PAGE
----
Victorian abortion law: overriding the conscience of doctors
by Sinclair Davidson|
Oct 27, 2009 1:00PM |EMAIL|PRINT
Except for a small article in Quadrant magazine, authored by Victorian Liberal Senator Julian McGauran, the first anniversary of the Victorian Abortion Law Reform Act passed quietly this month. While abortion is often seen as a divisive moral issue Australia has avoided the open societal conflict that has so troubled the United States. Quite rightly Australians tend to take the view that abortion is a decision for a woman in consultation with her doctor.
The Victorian legislation, however, has broken that nexus. The law goes beyond simply legislating the common law position — a position that has broad community support. Section 8 of the legislation undermines the community expectation that women consult with their doctors and requires doctors to either participate in the abortion process or recommend a doctor who will do so. The text of the section is reproduced below.
8: Obligations of registered health practitioner who has conscientious objection
(1) If a woman requests a registered health practitioner to advise on a proposed abortion, or to perform, direct, authorise or supervise an abortion for that woman, and the practitioner has a conscientious objection to abortion, the practitioner must—
(a) inform the woman that the practitioner has a conscientious objection to abortion; and
(b) refer the woman to another registered health practitioner in the same regulated health profession who the practitioner knows does not have a conscientious objection to abortion.
Senator McGauran refers to section 8(1) as the Henry VIII clause — it demands active support not just silent acquiescence — but 8(1)(a) is unremarkable. It is difficult to imagine that doctors with a conscientious objection to abortion wouldn’t say so. But at the same time, it is difficult to imagine that doctors wouldn’t advise their patients to the best of their professional ability. Section 8(1)(b) is very problematic. A woman no longer consults with her doctor; she demands a medical procedure or doctor-hops on the advice of her doctor.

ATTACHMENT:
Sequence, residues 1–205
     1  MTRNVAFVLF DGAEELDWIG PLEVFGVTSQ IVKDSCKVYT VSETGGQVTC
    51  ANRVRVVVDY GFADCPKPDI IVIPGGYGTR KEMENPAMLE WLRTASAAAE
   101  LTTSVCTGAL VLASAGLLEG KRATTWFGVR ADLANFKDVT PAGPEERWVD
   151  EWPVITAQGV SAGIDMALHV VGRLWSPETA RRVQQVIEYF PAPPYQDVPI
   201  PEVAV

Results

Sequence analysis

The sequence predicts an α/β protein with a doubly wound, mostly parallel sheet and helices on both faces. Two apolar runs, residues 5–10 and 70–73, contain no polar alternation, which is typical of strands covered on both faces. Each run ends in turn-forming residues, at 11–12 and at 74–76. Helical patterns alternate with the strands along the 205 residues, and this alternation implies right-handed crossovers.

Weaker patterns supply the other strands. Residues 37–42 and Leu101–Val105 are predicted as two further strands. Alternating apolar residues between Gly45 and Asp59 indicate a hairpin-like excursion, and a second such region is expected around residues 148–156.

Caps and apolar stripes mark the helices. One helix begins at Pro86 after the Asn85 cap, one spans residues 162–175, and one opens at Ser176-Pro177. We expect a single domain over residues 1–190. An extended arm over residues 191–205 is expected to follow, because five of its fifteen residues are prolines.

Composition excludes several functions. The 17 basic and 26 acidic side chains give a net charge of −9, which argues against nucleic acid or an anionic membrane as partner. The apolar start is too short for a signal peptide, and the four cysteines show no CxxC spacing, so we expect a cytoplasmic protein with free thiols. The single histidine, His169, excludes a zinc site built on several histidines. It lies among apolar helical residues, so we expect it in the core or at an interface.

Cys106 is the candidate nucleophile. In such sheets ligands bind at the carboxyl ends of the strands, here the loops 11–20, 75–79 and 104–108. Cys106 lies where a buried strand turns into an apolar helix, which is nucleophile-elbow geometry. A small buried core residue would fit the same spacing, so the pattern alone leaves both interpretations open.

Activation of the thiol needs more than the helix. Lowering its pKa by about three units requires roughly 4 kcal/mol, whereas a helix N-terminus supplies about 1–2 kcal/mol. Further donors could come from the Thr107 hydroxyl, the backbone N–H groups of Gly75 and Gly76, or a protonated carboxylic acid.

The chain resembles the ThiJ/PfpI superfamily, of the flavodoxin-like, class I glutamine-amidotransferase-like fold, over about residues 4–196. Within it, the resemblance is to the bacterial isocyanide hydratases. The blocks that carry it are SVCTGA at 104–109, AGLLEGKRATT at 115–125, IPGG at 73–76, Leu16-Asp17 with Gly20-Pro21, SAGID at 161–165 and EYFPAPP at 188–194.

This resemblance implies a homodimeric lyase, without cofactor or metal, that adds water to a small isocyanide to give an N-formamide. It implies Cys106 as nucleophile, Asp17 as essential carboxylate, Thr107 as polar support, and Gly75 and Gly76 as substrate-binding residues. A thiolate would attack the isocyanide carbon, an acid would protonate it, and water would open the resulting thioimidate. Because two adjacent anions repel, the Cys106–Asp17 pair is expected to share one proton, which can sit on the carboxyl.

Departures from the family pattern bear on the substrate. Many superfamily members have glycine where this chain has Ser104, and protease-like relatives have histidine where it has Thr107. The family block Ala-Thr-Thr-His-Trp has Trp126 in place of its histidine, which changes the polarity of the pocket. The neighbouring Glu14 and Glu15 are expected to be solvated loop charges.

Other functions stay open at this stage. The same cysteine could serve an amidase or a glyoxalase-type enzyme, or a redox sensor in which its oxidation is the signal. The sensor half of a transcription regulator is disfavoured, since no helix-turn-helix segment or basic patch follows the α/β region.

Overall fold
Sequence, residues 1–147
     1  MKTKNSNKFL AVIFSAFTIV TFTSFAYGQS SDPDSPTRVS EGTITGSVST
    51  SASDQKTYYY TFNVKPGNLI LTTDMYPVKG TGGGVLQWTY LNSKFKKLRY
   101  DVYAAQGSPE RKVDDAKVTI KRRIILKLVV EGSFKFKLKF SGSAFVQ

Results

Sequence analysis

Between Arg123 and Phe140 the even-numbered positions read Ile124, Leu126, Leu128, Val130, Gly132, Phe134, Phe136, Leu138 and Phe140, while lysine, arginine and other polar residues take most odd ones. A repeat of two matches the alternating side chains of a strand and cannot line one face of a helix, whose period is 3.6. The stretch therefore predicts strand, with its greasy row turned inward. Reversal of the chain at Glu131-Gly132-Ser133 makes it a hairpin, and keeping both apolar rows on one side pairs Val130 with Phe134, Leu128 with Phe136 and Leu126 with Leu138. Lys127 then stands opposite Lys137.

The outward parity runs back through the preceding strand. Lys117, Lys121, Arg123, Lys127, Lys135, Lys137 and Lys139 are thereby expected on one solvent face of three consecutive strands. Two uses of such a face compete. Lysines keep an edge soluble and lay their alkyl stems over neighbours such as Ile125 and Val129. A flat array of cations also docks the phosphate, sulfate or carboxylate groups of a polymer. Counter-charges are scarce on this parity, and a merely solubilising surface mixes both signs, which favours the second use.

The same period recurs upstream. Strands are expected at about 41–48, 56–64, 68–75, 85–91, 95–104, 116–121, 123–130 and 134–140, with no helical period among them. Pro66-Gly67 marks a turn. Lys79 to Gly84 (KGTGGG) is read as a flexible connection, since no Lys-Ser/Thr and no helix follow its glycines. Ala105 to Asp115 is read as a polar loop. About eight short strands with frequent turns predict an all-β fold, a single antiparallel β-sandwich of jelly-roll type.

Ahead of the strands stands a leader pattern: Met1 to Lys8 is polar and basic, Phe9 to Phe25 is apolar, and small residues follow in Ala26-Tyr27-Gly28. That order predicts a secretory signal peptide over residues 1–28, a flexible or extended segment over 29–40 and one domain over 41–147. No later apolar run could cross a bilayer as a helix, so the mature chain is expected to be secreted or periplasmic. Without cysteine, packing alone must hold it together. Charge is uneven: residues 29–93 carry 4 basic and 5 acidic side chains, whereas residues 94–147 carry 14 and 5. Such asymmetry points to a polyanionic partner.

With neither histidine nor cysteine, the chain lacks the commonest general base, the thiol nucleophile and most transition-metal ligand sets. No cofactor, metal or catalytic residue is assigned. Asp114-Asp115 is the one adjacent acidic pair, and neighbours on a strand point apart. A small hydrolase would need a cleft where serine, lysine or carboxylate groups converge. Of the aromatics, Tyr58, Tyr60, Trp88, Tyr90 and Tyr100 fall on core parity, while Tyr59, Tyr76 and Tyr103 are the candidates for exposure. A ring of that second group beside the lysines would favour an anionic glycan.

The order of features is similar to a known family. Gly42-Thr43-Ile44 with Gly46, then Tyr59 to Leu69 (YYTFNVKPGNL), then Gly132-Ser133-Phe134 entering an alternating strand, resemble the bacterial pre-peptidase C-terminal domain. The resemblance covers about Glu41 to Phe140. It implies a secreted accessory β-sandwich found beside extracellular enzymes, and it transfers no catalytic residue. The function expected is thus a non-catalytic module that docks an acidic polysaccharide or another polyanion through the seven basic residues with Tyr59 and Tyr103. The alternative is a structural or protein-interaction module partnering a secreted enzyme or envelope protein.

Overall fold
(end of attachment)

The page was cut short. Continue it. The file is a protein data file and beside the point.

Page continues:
That is the policy design — the Victorian Parliament has deliberately created this structure. Yet it is not clear that public policy should ever encourage doctor-hopping in this or any other medical issue.
The bigger problem with 8(1)(b) is that it is an attack on freedom of conscience, freedom of religion, and constitutes conscription. It is a violation of section 116 of the Australian Constitution that forbids the establishment of religion, or the prohibition of religion. Not only is section 116 contained in that that portion of the Constitution dealing with the States, but the Commonwealth finances the public health system.
Australia is a signatory to the Universal Declaration of Human Rights.
Section 18 of that declaration sets out the freedoms of thought, conscience and religion. The Commonwealth could use its external power to overrule the Victorian legislation. But quite frankly, why should Victorians look to the Commonwealth to overrule bad law? Why shouldn’t we look to our own parliamentarians to be sensible?
The most astonishing thing about the Victorian legislation is that our parliamentarians gave themselves a conscience vote while overriding the consciences of doctors. This extraordinary act of arrogance is simply unacceptable. We can speculate on what they were thinking, or even if they were thinking. The notion that the parliament is the final arbiter of personal morality and conscience is an extraordinary danger to a free society. This legislation doesn’t just legalise abortion it also silences dissent.